On September 25, 1985, McPherson determined that $10 million of the $46 million earmarked for the UNFPA would not be "obligated for that purpose because . . . the UNFPA is participating in the management of a program of coercive abortion and involuntary sterilization in the People's Republic of China." Letter from M. Peter McPherson to the Honorable Mark O. Hatfield, Chairman of the Senate Committee on Appropriations at 1 (Sept. 25, 1985). By September 30th, the last day of fiscal year 1985, AID had reprogrammed the $10 million dollars withheld from the UNFPA.
On September 30, 1985, plaintiffs filed suit in the District Court for the District of Columbia to enjoin McPherson from withholding the $10 million from the UNFPA. The complaint alleged that the Administrator acted under an unlawful delegation of authority; that, because it resulted from a misinterpretation of the amendment, the Administrator's action was clearly erroneous; and that the Administrator's action was clearly arbitrary and capricious because there was no evidence that UNFPA was involved in any program of coercive abortion or involuntary sterilization. On the same day the complaint was filed the district court entered a temporary restraining order that enjoined the government from disbursing the $10 million. Plaintiffs subsequently sought a preliminary injunction and the defendants moved to dismiss.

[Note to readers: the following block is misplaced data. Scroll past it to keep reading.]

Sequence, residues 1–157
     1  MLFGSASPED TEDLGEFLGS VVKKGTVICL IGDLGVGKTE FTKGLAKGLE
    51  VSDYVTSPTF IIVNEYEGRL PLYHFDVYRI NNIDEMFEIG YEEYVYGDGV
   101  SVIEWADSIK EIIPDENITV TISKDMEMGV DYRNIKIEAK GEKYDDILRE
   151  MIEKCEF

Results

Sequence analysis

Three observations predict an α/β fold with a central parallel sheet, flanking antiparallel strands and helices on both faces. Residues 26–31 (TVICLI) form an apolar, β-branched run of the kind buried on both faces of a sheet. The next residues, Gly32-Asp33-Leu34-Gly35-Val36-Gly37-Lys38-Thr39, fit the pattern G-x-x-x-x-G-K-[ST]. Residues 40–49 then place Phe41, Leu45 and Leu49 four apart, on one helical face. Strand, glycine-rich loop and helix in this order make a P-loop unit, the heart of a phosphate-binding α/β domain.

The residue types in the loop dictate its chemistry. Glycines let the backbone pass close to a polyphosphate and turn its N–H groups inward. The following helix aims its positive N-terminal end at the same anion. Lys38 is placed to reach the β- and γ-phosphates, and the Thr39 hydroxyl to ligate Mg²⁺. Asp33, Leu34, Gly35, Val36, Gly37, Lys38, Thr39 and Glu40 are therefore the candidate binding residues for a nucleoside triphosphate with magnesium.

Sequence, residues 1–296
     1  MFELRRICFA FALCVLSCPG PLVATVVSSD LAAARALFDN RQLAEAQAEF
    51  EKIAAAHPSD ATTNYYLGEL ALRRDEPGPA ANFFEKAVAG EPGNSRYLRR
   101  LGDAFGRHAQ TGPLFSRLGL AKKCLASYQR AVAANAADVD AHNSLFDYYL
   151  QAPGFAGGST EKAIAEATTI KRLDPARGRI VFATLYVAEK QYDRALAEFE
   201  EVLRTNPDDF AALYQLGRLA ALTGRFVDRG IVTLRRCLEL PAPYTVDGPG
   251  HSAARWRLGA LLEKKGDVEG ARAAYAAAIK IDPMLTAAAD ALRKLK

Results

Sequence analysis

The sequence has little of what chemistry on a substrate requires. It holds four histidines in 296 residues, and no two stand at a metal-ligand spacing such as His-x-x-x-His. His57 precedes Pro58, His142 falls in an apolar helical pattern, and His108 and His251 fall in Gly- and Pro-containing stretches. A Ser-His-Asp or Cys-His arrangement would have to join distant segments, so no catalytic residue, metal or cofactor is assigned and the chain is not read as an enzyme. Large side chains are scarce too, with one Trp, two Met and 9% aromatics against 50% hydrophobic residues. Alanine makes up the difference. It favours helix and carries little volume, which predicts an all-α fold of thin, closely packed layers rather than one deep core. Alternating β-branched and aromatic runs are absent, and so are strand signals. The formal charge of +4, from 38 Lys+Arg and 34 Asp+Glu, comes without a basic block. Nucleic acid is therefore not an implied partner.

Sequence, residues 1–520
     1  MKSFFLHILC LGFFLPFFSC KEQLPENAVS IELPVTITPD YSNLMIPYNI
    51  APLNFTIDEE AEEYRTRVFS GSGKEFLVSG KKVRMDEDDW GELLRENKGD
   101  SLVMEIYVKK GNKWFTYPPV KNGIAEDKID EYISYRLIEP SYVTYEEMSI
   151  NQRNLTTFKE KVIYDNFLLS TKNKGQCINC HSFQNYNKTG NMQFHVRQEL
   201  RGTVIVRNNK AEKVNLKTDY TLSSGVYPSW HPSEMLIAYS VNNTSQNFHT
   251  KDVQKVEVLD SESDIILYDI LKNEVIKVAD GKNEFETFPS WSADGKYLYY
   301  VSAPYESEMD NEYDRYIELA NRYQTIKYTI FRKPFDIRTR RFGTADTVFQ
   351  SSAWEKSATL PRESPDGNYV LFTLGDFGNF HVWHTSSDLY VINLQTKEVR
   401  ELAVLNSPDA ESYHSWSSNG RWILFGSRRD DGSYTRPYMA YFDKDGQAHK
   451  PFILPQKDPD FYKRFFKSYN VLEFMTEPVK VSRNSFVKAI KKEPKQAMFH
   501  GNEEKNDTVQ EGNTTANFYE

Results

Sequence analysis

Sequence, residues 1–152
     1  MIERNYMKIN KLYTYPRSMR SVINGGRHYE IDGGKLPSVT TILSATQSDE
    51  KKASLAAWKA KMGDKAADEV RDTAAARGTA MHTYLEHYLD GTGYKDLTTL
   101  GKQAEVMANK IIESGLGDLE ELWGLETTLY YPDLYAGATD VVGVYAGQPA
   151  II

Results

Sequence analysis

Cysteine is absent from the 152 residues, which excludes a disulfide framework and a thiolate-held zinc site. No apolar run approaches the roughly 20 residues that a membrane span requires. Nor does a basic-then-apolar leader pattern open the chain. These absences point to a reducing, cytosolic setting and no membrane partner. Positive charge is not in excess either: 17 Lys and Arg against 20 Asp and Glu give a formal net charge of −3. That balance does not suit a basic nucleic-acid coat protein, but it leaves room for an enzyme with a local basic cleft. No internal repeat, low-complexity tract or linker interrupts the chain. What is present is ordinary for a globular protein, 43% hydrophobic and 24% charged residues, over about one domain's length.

On October 18, 1985, the district court granted the defendants' motion to dismiss. Population Institute v. McPherson, No. 85-3131, slip op. (D.D.C. Oct. 18, 1985). That same day plaintiffs filed a notice of appeal. On October 25th appellants moved this court for an injunction pending appeal prohibiting defendants from disbursing the funds in question to other recipients. We issued an opinion then that detailed the district court's opinion. Because that opinion was not published, it is reprinted as an appendix to this opinion. In brief, the district court concluded that the Population Institute had standing, that the controversy was not moot, that the President's delegation of authority to the Administrator was proper, but that the plaintiffs' challenges to the Administrator's action presented non-justiciable political questions. See Population Institute v. McPherson, No. 85-6042, Order at 6-9 (D.C. Cir. Nov. 13, 1985), reprinted infra.